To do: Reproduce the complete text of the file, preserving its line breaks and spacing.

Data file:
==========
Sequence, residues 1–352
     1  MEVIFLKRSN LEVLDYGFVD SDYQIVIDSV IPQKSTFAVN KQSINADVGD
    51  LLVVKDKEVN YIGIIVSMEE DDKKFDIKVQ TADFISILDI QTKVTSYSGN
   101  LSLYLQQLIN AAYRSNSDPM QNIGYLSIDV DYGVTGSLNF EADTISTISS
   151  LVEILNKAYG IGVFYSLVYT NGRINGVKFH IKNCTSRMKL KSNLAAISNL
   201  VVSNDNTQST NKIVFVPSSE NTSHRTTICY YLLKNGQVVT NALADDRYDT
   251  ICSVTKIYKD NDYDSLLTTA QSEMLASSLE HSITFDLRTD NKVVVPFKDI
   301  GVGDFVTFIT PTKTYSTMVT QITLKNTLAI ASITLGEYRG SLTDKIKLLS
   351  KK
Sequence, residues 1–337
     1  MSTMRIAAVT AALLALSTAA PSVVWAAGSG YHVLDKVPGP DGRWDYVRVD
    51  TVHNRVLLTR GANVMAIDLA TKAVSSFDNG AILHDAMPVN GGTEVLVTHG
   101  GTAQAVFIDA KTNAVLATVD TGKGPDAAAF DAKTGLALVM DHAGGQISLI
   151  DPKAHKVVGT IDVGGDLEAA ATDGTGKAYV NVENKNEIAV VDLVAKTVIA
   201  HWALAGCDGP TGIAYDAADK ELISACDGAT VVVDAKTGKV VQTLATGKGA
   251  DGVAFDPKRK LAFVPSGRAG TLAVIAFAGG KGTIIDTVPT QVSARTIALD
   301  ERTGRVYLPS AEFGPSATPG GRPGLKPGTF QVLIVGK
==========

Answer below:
Sequence, residues 1–352
     1  MEVIFLKRSN LEVLDYGFVD SDYQIVIDSV IPQKSTFAVN KQSINADVGD
    51  LLVVKDKEVN YIGIIVSMEE DDKKFDIKVQ TADFISILDI QTKVTSYSGN
   101  LSLYLQQLIN AAYRSNSDPM QNIGYLSIDV DYGVTGSLNF EADTISTISS
   151  LVEILNKAYG IGVFYSLVYT NGRINGVKFH IKNCTSRMKL KSNLAAISNL
   201  VVSNDNTQST NKIVFVPSSE NTSHRTTICY YLLKNGQVVT NALADDRYDT
   251  ICSVTKIYKD NDYDSLLTTA QSEMLASSLE HSITFDLRTD NKVVVPFKDI
   301  GVGDFVTFIT PTKTYSTMVT QITLKNTLAI ASITLGEYRG SLTDKIKLLS
   351  KK
Sequence, residues 1–337
     1  MSTMRIAAVT AALLALSTAA PSVVWAAGSG YHVLDKVPGP DGRWDYVRVD
    51  TVHNRVLLTR GANVMAIDLA TKAVSSFDNG AILHDAMPVN GGTEVLVTHG
   101  GTAQAVFIDA KTNAVLATVD TGKGPDAAAF DAKTGLALVM DHAGGQISLI
   151  DPKAHKVVGT IDVGGDLEAA ATDGTGKAYV NVENKNEIAV VDLVAKTVIA
   201  HWALAGCDGP TGIAYDAADK ELISACDGAT VVVDAKTGKV VQTLATGKGA
   251  DGVAFDPKRK LAFVPSGRAG TLAVIAFAGG KGTIIDTVPT QVSARTIALD
   301  ERTGRVYLPS AEFGPSATPG GRPGLKPGTF QVLIVGK